It's the holidays, a time for so much joy, laughter, relaxation, hot cocoa with marshmallows and also... loss. One of my favorite quotes of all time about loss is by Kahlil Gibran: "The deeper that sorrow carves into your being, the more joy you can contain." I find this is never as true as holiday time.
A new friend is going through her first Christmas without her dad. She appreciates that I am not afraid to go there with her, as she remarks that so many people don't know how to broach the subject. I remember that feeling the first year and the rush of memories, and it can still happen almost 10 years later. My father LOVED Christmas carols and everyone seems to be playing ones by Diana Krall, Tony Bennett and Frank Sinatra -- his absolute favorites. So what do you do when it happens? "Lean in."
I'm a huge fan of Pema Chodron and when I read Things Fall Apart, I felt like she was talking straight to me. Mark Nepo helps me start or end many a day with The Book of Awakening, and was part of the inspiration for this post today. These are my teachers in the art of "leaning in."
Leaning in is about being. I'm a really good doer: holiday shopper, latke-maker, New Year's Eve dinner party thrower, but BE-ing sometimes baffles me. So here are some things that I have learned:
1. Breathe into the feeling.
You may find yourself creating fantasy, good or bad, to avoid feelings during the holidays. I personally can create an elaborate fantasy/worry about how my husband is going to die early just like my dad and his dad did, what will my life be like, which leads me to the fear that something horrible will happen to my child just like... Okay, STOP! Take a breath and really lean into the feeling below the surface, the feeling that the fantasy is actually trying to distract you from (crazy way to distract right?). Even if you're on the subway or in spin class or whatever, just breathe into the feeling. If you have the courage, you show someone else that they can, too. Breathe into it, tears may flow, it's okay, it's normal, it's beautiful, it's appreciation for all we have. Try to just stay with the feeling. I promise it will pass.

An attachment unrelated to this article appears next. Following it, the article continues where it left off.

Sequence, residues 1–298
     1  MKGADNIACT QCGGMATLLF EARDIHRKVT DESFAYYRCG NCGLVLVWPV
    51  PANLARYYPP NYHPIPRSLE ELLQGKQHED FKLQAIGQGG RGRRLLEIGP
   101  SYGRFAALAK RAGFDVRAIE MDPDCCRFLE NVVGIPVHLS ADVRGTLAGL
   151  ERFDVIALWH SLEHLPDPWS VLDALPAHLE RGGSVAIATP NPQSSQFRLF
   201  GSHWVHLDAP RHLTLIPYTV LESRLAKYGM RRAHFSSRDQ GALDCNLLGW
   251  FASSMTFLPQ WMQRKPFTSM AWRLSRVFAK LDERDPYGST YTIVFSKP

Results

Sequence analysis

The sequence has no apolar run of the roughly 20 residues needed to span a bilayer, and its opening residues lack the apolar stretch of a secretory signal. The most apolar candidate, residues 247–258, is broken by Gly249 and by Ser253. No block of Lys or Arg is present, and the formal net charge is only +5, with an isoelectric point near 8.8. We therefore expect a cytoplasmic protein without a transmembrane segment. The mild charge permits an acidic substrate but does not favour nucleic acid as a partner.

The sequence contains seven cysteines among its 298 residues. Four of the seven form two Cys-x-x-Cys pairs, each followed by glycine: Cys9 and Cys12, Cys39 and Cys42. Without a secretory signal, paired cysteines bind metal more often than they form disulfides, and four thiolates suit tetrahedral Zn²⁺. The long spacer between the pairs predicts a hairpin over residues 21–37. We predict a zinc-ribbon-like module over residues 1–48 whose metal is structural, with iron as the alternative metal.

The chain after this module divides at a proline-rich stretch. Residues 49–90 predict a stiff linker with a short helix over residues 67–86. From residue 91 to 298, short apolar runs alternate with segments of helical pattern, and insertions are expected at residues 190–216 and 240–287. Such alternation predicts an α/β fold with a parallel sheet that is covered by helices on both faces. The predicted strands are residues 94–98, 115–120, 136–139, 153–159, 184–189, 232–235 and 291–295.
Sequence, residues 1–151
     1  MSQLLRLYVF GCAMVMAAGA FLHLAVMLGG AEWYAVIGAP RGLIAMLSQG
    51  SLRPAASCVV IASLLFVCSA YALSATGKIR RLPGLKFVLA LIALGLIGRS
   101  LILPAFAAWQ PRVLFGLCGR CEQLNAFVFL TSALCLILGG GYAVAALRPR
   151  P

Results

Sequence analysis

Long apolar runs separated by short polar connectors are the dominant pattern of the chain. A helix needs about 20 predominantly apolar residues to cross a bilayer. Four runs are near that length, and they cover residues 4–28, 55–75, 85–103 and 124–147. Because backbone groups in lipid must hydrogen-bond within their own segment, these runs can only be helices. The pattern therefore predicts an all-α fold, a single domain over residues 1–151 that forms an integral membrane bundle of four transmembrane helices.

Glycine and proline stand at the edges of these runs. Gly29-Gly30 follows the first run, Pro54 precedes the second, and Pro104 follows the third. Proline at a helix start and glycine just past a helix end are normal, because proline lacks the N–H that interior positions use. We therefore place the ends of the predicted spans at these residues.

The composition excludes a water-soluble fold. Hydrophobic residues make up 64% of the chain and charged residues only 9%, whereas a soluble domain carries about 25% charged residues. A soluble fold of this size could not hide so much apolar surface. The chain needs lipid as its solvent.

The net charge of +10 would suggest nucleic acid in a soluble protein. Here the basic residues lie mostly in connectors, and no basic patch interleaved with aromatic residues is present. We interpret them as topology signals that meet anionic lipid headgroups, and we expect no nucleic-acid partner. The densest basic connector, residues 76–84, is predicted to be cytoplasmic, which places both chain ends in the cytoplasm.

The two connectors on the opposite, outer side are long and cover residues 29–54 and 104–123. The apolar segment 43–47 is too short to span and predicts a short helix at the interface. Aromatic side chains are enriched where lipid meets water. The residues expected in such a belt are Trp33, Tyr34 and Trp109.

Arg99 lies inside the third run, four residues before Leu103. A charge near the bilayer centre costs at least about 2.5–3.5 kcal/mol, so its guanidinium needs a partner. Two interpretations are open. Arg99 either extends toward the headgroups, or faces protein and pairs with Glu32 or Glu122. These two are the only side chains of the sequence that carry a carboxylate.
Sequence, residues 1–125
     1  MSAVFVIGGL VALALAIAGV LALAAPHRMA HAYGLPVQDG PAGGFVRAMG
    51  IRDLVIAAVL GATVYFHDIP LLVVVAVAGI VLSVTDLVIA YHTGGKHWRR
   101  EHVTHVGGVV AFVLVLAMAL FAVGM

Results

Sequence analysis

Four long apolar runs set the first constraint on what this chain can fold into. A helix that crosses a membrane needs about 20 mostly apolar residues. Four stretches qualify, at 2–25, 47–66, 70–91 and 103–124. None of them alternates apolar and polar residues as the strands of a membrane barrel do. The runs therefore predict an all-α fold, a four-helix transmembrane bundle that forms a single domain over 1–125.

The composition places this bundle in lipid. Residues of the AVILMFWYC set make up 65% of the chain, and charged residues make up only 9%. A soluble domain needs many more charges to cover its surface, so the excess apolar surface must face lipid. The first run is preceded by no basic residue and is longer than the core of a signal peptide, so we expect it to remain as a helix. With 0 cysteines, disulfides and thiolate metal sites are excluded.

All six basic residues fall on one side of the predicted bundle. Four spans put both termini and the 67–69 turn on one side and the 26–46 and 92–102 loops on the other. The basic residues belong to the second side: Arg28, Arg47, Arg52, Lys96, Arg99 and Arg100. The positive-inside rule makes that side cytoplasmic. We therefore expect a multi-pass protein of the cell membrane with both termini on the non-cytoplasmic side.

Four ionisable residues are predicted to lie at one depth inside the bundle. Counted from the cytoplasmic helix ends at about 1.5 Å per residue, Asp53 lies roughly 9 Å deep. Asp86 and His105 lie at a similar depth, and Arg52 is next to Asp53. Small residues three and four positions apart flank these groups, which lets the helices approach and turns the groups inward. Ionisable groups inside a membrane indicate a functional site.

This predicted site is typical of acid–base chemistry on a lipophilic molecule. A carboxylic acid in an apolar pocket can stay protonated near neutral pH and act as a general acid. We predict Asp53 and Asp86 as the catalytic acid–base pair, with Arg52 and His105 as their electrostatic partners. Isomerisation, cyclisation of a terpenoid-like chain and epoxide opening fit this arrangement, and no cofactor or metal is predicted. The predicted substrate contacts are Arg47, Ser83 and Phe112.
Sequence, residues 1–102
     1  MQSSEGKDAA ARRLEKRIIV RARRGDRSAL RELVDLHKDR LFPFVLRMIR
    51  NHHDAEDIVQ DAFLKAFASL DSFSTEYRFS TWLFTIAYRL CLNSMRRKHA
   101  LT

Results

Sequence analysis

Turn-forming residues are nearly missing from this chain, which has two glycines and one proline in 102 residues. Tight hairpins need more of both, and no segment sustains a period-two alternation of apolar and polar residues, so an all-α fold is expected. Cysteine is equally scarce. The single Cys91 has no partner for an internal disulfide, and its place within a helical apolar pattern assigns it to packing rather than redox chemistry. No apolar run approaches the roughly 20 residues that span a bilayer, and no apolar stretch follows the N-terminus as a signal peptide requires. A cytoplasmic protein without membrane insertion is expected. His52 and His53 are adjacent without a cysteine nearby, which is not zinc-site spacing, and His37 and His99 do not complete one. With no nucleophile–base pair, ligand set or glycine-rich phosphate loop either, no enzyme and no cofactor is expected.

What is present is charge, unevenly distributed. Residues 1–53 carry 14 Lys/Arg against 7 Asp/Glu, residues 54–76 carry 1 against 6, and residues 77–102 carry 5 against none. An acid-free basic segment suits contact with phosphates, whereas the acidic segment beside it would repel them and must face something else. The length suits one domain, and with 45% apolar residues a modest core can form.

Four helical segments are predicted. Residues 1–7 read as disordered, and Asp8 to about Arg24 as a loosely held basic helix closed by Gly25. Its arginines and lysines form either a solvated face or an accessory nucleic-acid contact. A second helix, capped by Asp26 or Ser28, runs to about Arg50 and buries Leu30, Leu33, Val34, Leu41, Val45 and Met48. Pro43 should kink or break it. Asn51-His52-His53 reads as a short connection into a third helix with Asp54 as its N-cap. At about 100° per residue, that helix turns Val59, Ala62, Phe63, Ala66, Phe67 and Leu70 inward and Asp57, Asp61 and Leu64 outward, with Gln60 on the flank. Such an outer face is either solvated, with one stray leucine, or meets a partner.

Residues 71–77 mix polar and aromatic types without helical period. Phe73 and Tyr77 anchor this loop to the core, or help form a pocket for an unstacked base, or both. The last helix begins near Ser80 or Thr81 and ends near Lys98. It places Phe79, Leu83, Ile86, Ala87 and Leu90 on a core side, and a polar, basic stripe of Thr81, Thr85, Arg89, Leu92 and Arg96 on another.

2. Be right here, right now.
A wonderful acting teacher I love, Josh Pais, has a system I love for being in the moment in acting, but also in life. And one of the things he reminds me of is to take a moment and just be here now. One way he talks about doing that is saying out loud to yourself "I'm back," and then tune into your five senses. What do you really see/hear/smell/feel/taste in this moment?
3. Share the memory.
My 3-year-old has never met my dad, but she knows a lot about her Grandpa Chuckie: what he looks like, what his favorite foods were, things he liked to say, that he loved Ella Fitzgerald and Louis Armstrong. When the feelings come up, share them. It's another way of being present with this moment, not living in the memory but living in the now. When one of my dad's favorite tunes comes on, I can dance with her to it. In that moment I'm coming back into the present, we are all dancing and life is good.
4. Create a ritual.
My sweet sister is saying her goodbyes to go and live in Australia for a while, and it's kind of heartbreaking to our whole family. Goodbyes, even temporary adieus, bring up loss. On her beautiful blog balanceandspice recently she talked about ritual and using it as a way to be with your feelings, to not run away but appreciate them, love them, be in the now with them. Her ritual was to light a candle and say a poem. Another way can be to write a letter to a loved one and burn it. I love to go to a body of water and talk to my dad (and/or the universe) and then just submerge fully in that ritualistic baptism way (nice Jewish girl that I am). I do this in baths and oceans. I love it and feel so renewed.
These are some ways I "lean in." They're all simple, and don't require anything but the courage to decide to do it. They can be done in a minute or less. It's a choice. Moment to moment: joy, grief, sleigh bells ringing, whatever it is, you can lean into it.